B4J Tutorial 💡 CID (Caller ID) - View incoming call details using your COM port modem

Hello All,
After looking on the forum and finding basically nothing regarding using B4J for CID (Caller ID) via home or basic business phone lines, I took out my V.92 USB modem and created this simple tutorial for B4J developers to learn from.

Picked up _JAVA_OPTIONS: -Xmx1024m -Xms1024m -XX:-UseGCOverheadLimit
Waiting for debugger to connect...
Program started.
AT#CID=1
OK
RING
DATE=0404
TIME=0921
NMBR=07931XXXXXX
NMBR=07931XXXXXX actually displayed my full mobile phone number, I crossed out the last 6 digits with X's for obvious reasons.

Libraries needed:
1586058275207.png


B4X:
Sub Process_Globals
    Private BC As ByteConverter
    Private COMPort As Serial
    Private AStream As AsyncStreams
End Sub

Sub AppStart (Args() As String)
    InitializeModem
    StartMessageLoop
End Sub

'Return true to allow the default exceptions handler to handle the uncaught exception.
Sub Application_Error (Error As Exception, StackTrace As String) As Boolean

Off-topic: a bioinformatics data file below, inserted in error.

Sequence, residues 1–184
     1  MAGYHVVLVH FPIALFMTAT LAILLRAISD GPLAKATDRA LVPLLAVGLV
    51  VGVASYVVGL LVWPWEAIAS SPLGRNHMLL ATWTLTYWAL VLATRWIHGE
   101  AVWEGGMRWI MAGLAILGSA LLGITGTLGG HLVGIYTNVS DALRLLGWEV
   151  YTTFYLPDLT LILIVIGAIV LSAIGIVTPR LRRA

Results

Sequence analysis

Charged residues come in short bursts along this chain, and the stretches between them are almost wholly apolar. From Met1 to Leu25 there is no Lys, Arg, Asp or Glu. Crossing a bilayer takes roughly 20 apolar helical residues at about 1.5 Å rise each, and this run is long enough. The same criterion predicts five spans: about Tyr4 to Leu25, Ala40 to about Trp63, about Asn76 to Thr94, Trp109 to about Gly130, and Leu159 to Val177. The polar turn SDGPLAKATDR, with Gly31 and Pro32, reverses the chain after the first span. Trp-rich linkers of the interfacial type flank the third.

Return True
End Sub

Sub InitializeModem
    Try
        COMPort.Initialize(Null)
        COMPort.Open("COM3")
        COMPort.SetParams(COMPort.BAUDRATE_9600, COMPort.DATABITS_8, COMPort.STOPBITS_1, COMPort.PARITY_NONE)

        AStream.Initialize(COMPort.GetInputStream, COMPort.GetOutputStream, "AStream")
        AStream.Write(BC.StringToBytes($"AT#CID=1${Chr(10)}${Chr(13)}"$, "UTF-8"))
    Catch
        Log(LastException.Message)
    End Try
End Sub

Sub AStream_NewData (Buffer() As Byte)
    Log(BytesToString(Buffer, 0, Buffer.Length, "UTF-8"))
End Sub
You should use Regex.Split in 'Sub AStream_NewData' to separate the received data into individual DATE, TIME and NMBR strings.

My V.92 USB modem looks something like this, it cost about £7.
s-l300.jpg


I tested initializing my V.92 USB modem for CID with AT codes AT#CID=1 and AT#CID=2, they worked flawlessly. According to my VS code, the following AT codes can be used to initialize CID depending on the modem hardware you are using.

//AT#CID=1
//AT#CID=2
//AT+VCID=1
//AT+VCID=2
//AT%CCID=1
//AT%CCID=2
//AT#CLS=8#CID=1
//AT#CC1
//AT*ID1

To test if your modem supports CID, you could first try sending AT#CID=1 through terminal software to your modem, software like Windows Terminal will suffice. Hopefully when you send the AT command you will receive the response OK, if you receive the response FAIL then just move onto the next AT command above. If you have gone through all the AT commands and all the responses were FAIL, then sadly your modem probably does not support CID.


Enjoy...
 
Last edited:
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